The Marx Brothers’ second film is a somewhat smoother ride than their first (1929’s The Cocoanuts), but it is still an adaptation of one of their Brodway shows and was shot at Paramount’s Astoria Studios on Long Island. That means it’s still on the stagebound side and hemmed in by the (often lesser) technical prowess of the Long Island studio. For years it was also the one Marx Brothers picture you couldn’t see. Somehow the rights to the property had reverted to the estate of playwright George S. Kaufman, whose heirs were convinced it was worth more than the owners of the film (by this time, Universal) were willing to pony up.
You could read about it — and in great detail — but you couldn’t see it for yourself — unless you came across and were willing to shell out for a bootleg 16mm print. I did and I was willing to (the process was complicated beyond imagining, and not worth recounting here), and that was how I first saw it — in a 16mm dupe of less than sparkling quality. Truth to tell, no print known to exist is exactly sparkling, but this was worse — not that I complained, nor did my friends, nor the film class I allowed to show it. No, we all just felt very lucky — and pretty fancy — to have seen it at all. We didn’t even know that the scene where the lights go out wasn’t supposed to be so dark that you were looking at a black screen for a couple minutes — and truthfully there was an advantage to that, since you couldn’t see that whoever is supposed to be Groucho in that scene quite clearly isn’t, something that was pretty obvious on a better print. (By late 1974, the rights were straightened out and the film even reissued theatrically, despite the fact that most theaters were ill-equipped to deal with a movie this tall. In other words, heads were frequently lopped off.)
The film has little in the way of plot, which is fine, because it exists solely for the Marx Brothers to run wild at a classy weekend party being given by Long Island socialite Mrs. Rittenhouse (Margaret Dumont, of course) in honor of the “great” African explorer, Captain Geoffrey T. (it stands for Edgar) Spaulding (Groucho). Providing the entertainment are two musicians, Signor Emanuel Ravelli (Chico) and The Professor (Harpo), who mostly seem to be intererested in card-sharping and petty larceny (especially, since the rest of the orchestra seems to be non-existent). Poor Zeppo — as usual — has little to as Groucho’s secretary, Jamison. Apart from introducing his employer’s arrival and a scene where he takes dictation from Groucho, he mostly disappears from the film.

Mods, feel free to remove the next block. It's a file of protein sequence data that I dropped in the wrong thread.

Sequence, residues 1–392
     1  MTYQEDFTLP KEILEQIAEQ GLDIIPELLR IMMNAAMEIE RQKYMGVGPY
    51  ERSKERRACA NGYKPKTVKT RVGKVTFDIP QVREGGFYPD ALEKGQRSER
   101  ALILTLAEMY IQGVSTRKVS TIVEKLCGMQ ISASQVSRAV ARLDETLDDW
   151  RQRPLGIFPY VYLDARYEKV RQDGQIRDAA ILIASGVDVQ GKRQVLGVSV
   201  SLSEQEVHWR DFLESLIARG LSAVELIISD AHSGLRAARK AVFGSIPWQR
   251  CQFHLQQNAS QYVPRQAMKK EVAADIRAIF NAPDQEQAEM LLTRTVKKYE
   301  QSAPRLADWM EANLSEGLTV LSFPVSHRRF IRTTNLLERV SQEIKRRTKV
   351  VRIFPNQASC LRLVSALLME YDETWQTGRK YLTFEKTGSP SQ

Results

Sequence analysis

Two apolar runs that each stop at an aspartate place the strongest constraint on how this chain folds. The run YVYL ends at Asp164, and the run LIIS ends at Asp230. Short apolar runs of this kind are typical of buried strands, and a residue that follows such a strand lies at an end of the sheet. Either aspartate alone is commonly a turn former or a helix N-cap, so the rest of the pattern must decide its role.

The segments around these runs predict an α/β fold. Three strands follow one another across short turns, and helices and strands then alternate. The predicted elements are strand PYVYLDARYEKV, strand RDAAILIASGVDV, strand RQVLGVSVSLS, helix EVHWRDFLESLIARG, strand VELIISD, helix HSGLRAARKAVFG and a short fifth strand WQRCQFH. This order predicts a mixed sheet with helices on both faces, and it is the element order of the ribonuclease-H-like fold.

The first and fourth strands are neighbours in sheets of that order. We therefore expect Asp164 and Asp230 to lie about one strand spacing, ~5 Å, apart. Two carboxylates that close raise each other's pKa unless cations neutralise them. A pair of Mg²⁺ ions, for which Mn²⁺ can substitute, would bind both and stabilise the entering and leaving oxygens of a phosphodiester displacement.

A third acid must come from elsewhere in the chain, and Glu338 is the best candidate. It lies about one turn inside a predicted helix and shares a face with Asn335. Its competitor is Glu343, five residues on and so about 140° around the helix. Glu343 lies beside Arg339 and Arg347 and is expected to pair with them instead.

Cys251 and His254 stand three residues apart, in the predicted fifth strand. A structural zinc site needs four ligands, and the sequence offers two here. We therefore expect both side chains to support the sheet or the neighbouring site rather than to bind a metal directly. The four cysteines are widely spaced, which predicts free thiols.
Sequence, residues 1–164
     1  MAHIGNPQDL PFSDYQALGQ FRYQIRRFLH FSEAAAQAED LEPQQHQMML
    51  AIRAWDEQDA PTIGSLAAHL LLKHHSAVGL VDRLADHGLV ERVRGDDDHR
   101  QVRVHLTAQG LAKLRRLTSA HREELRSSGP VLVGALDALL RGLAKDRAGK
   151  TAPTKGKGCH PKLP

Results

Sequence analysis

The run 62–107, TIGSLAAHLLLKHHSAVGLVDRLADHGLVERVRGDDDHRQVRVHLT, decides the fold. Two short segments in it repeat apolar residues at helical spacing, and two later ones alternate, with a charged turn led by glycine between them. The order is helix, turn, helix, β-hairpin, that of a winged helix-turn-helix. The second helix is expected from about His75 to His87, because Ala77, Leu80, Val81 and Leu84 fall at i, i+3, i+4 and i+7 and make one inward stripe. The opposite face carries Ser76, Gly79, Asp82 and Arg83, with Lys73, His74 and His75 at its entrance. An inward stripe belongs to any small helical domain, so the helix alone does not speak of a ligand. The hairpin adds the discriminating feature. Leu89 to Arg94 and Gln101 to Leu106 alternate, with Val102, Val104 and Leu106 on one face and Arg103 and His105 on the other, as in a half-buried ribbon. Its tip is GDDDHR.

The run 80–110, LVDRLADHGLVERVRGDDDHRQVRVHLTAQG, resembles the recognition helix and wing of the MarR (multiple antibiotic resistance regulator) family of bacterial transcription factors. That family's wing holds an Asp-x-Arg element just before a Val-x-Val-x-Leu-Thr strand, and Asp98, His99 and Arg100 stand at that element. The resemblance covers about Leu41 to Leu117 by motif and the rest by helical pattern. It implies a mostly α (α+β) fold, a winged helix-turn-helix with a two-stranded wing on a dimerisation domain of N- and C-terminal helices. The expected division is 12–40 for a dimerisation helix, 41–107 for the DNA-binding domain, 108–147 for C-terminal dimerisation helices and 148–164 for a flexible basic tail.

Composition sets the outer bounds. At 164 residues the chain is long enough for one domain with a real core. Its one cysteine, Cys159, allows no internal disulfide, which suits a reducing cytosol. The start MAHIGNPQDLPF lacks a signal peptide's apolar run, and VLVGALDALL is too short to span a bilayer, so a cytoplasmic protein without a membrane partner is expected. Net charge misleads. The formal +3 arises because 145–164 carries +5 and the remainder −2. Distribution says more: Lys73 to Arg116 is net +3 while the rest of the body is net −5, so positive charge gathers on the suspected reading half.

Oh, yes, there’s what passes for a story concerning a stolen painting and a romance between Mrs. Rittenhouse’s daughter (Lillian Roth) and a penniless artist (Hal Thompson), but none of this matters much. What matters is the array of great comedy routines — the ersatz Gilbert and Sullivan opening (copied in Duck Soup), the word play, the parody of Eugene O’Neill’s play Strange Interlude, the “seven cent nickel” theory, the bridge game, the piano recital that never ends, and on and on. The very fact that there is no earthly reason to believe that Captain Spaulding actually is a great explorer or has ever set foot in Africa is part of the joke. That it never occurs to anyone to doubt him makes it even better, but the fact that he goes out of his way to say things that make his legitimacy even more suspect makes it a kind of genius. What fraud would not only claim to have encountered a polar bear in Africa, and then defend the claim by saying, “This bear was anemic and couldn’t stand the cold climate. He was a rich bear and could afford to go away for the winter”? (It’s not only ridiculous, but it takes a jab at the well-heeled crowd honoring him.) There may be — no, there are — better Marx Brothers movies, but perhaps none is so rich in classic material.
The Asheville Film Society will screen Animal Crackers Tuesday, July 15 , at 8 p.m. in Theater Six at The Carolina Asheville and will be hosted by Xpress movie critics Ken Hanke and Justin Souther.